Has our appetite for apps gone wild or are we just on the appetizer?
September 20, 2010
I’ve been thinking about apps. Apps is an abbreviation for application. An app is a piece of software. It can run on the Internet, on your computer, or on your phone or other electronic device.
From games to geo tracking, with Google or Apple, on computers to smart phones: you name it, there is an app for that or will be soon. They are ubiquitous.
Social media maven, Alan Wolk (The Toad Stool, Kickapps, Hive Awards) was in our office the other day discussing apps and their implications to marketing communications, specifically the right and wrong ways to make apps. Clients are clamoring for apps, he said, but most of them don’t know why. They just know that apps are the new, new thing and they want one…or two…or a whole bunch. As you would expect, we agencies are creating them, often as willy-nilly as the demands. Alan calls it the “Field of Dreams” mentality. You know, ‘build it and they will come.’ Like all things Internet related, the apps debate quickly becomes one of utility vs. beauty. Like all things marketing related, the obvious answer is they gotta do both.
But I wonder about apps. If there are currently three million of them (a wild guess) I’m not so wildly guessing three million nine hundred and fifty thousand of them are relatively pointless. Maybe even more. I say relatively because once someone downloads an app, pointless or not, it has proved beneficial to its creator.
But then what? My kids download countless apps (hopefully free) only to banish them within 24 hours into the nether regions of our family’s computers. Like fireworks, once ignited they are immediately forgotten. Like fireworks, we want to see another and another and another…
Ah, you say, but if the app is useful then that won’t happen.
Alan provided an excellent anecdote to illustrate this point. Upon arriving in Chicago, he had an hour to kill before his presentation. He fancied a latte from Starbucks but, alas, he did not know where one was. So, he was forced to ask someone. According to Alan, if he’d had an app for locating a nearby Starbucks he would not have had to ask someone for directions.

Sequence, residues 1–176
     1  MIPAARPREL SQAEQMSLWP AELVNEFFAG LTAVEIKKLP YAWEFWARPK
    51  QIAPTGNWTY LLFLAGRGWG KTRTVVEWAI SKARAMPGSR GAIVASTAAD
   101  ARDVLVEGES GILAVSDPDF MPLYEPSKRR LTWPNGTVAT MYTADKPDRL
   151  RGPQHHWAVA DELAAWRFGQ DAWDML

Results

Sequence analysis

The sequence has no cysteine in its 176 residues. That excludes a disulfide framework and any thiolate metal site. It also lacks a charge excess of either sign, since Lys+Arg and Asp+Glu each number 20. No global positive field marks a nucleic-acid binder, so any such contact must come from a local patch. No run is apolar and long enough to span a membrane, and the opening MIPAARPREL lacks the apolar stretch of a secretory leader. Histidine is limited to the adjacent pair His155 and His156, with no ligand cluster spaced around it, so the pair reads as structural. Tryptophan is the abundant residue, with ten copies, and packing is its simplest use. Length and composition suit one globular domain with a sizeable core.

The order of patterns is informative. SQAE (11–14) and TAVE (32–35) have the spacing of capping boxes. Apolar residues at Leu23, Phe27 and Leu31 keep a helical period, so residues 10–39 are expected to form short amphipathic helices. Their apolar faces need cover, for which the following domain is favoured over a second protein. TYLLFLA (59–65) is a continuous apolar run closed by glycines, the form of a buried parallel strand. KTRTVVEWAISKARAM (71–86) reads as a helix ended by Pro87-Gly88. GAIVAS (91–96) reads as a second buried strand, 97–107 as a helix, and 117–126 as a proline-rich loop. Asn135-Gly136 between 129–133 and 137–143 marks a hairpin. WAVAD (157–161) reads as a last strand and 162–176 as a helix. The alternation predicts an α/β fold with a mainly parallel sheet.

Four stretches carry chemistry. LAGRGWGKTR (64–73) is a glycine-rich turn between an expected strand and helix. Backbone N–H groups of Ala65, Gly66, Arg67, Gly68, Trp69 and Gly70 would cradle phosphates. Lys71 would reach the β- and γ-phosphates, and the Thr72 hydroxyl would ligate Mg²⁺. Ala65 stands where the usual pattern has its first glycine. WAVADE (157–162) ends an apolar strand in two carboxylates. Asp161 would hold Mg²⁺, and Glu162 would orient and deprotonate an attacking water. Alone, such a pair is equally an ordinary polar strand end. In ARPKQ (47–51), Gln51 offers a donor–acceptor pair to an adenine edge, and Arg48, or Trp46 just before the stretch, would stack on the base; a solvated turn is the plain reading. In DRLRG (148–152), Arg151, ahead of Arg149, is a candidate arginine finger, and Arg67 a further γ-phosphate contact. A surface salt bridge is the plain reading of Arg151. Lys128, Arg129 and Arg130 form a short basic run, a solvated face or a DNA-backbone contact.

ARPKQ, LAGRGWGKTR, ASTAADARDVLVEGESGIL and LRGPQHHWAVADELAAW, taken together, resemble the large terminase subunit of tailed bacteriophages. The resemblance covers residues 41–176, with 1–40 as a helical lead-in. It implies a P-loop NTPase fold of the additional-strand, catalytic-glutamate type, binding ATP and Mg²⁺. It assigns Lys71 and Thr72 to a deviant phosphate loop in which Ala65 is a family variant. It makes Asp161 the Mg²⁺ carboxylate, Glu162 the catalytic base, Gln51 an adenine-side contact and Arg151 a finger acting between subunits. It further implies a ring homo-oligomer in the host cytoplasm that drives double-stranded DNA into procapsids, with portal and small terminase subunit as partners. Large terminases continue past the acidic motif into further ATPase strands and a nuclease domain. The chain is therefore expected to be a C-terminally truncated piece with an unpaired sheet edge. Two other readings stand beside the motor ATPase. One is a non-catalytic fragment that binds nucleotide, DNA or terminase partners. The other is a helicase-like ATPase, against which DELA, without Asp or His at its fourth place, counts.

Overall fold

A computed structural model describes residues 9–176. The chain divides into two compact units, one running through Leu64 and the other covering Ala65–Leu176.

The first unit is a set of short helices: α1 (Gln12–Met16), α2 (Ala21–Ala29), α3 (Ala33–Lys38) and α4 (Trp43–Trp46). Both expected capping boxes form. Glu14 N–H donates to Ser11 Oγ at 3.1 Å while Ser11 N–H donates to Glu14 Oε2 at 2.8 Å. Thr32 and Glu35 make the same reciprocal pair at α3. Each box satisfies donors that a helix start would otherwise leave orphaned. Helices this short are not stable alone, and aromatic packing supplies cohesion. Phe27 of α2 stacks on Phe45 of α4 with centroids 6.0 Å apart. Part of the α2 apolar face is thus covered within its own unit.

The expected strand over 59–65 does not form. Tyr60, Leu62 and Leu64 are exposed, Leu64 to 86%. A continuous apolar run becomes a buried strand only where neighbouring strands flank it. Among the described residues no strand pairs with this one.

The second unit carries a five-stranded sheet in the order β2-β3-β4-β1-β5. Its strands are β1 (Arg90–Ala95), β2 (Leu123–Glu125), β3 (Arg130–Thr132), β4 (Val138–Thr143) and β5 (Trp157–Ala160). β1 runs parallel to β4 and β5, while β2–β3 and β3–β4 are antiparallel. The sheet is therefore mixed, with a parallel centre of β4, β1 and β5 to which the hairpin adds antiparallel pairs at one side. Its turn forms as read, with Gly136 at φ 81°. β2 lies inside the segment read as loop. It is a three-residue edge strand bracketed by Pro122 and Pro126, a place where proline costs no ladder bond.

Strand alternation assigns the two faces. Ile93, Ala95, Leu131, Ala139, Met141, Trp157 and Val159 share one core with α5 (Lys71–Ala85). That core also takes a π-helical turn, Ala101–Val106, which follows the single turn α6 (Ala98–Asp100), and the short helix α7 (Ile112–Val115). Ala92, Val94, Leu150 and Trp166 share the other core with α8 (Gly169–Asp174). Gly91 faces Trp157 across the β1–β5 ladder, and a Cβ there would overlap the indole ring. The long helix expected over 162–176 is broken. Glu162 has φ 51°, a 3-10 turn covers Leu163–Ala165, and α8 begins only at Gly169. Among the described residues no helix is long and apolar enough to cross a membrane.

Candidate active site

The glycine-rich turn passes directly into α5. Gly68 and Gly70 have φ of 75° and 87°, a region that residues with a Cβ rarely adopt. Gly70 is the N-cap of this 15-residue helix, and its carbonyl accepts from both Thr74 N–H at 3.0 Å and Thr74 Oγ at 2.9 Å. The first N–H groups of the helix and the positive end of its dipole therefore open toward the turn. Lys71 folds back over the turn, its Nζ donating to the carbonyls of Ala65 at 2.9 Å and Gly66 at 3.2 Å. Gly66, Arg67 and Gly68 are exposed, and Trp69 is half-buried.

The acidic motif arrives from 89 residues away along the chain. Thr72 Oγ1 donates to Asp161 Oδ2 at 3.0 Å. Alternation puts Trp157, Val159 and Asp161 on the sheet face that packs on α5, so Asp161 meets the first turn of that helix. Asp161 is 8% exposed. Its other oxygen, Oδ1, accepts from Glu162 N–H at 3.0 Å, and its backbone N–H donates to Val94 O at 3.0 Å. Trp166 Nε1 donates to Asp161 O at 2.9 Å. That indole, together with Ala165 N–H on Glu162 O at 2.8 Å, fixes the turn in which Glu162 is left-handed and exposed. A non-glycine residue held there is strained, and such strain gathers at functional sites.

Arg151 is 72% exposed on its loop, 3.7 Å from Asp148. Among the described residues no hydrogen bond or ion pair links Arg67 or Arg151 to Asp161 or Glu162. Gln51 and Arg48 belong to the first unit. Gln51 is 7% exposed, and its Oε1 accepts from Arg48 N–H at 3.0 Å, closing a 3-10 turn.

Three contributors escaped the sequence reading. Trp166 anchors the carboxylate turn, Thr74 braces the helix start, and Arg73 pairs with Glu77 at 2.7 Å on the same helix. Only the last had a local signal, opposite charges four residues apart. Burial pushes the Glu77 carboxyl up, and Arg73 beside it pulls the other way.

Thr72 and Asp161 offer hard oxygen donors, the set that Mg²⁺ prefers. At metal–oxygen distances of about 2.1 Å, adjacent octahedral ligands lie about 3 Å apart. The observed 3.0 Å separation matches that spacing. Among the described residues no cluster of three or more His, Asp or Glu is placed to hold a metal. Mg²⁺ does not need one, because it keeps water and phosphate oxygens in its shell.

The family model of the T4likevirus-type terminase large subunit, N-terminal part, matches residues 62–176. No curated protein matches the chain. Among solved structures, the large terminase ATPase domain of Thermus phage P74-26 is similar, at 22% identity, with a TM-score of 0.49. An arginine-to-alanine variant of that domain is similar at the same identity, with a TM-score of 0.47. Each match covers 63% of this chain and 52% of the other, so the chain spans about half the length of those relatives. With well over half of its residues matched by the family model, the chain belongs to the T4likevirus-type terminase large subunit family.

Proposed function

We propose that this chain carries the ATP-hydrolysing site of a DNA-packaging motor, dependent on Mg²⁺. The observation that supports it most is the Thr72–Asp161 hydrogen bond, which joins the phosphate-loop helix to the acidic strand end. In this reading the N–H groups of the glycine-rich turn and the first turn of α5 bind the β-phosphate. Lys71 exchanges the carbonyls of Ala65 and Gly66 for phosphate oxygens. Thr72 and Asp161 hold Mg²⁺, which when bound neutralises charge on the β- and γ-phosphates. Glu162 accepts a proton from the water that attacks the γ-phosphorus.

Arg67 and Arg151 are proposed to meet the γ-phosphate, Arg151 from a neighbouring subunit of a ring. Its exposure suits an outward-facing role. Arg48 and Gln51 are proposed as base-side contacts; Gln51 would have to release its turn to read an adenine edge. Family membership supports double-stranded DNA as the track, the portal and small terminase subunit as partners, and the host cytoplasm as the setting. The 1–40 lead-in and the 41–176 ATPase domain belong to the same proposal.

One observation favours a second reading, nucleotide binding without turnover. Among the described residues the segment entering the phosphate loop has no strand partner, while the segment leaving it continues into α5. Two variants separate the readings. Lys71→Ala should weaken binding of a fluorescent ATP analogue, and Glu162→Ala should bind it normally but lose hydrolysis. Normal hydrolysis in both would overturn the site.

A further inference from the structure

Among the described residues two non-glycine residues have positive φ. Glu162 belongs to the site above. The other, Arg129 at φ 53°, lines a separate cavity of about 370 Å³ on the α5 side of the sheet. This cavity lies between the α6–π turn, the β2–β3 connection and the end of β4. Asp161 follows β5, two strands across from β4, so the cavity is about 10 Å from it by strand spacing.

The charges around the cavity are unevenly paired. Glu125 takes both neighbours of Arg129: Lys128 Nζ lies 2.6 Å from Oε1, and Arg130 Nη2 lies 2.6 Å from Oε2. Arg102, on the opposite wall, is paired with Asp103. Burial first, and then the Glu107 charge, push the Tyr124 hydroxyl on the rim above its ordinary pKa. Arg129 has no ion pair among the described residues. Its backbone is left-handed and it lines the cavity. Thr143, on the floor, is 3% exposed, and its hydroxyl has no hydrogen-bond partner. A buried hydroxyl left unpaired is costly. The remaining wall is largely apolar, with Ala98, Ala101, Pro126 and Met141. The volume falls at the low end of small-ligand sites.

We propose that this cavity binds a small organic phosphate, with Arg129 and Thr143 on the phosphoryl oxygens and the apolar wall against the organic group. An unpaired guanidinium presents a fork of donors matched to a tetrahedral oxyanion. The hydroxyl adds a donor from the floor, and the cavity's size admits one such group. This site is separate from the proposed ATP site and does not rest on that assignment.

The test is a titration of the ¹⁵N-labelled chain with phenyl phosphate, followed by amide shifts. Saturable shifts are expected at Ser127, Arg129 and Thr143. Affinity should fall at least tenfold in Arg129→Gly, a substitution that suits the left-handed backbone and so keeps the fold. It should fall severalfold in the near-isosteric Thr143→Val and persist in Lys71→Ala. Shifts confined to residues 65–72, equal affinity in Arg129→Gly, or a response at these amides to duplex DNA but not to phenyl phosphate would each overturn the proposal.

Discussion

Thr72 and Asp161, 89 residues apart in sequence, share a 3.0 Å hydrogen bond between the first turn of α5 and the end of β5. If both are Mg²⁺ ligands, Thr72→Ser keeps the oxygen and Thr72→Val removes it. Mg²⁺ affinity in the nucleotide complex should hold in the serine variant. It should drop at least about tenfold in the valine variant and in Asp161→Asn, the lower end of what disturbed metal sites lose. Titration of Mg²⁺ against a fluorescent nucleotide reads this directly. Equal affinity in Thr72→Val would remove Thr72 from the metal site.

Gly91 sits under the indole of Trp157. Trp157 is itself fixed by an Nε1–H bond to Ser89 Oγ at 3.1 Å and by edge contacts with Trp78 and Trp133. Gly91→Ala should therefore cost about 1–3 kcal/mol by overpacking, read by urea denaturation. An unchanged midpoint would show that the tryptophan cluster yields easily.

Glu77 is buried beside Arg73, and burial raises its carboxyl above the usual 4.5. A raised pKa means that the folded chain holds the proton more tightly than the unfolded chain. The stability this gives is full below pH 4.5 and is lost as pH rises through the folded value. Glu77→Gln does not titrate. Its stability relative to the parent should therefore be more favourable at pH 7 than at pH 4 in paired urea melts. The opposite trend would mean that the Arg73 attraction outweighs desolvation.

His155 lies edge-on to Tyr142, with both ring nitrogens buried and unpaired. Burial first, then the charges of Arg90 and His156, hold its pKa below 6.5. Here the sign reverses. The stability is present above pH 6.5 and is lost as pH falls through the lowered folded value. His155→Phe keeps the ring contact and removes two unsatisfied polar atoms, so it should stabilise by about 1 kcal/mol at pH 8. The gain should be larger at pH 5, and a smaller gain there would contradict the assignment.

Two things come to mind. 1) What is so difficult about asking someone where the nearest Starbucks is and 2) even if he had an app for that wouldn’t he still have had to ask someone where the address actually was? (Sure, he could study the little map on his iphone but being ignorant of the city he’d probably want to be pointed in the right direction. Just to make sure. Wouldn’t you?)
Going one step further, isn’t communicating with people one of the joys of travel? Do we really want technology to take things like that away from us, those myriad small interactions that make us human? I’m already an introvert. With apps like these I may never talk to anyone!
Look, I realize I’m essentially wrong about this. (I remember all the rubes that said Twitter was pointless.) And even if I wasn’t wrong the app train has left the station. As I said, plenty of apps are worthwhile. No question companies such as Kickapps can help agencies and clients create them. Frankly, we’re talking to Kickapps about a project right now.
I’m no Luddite. I’d just like to think I could find a Starbucks without a goddamn app!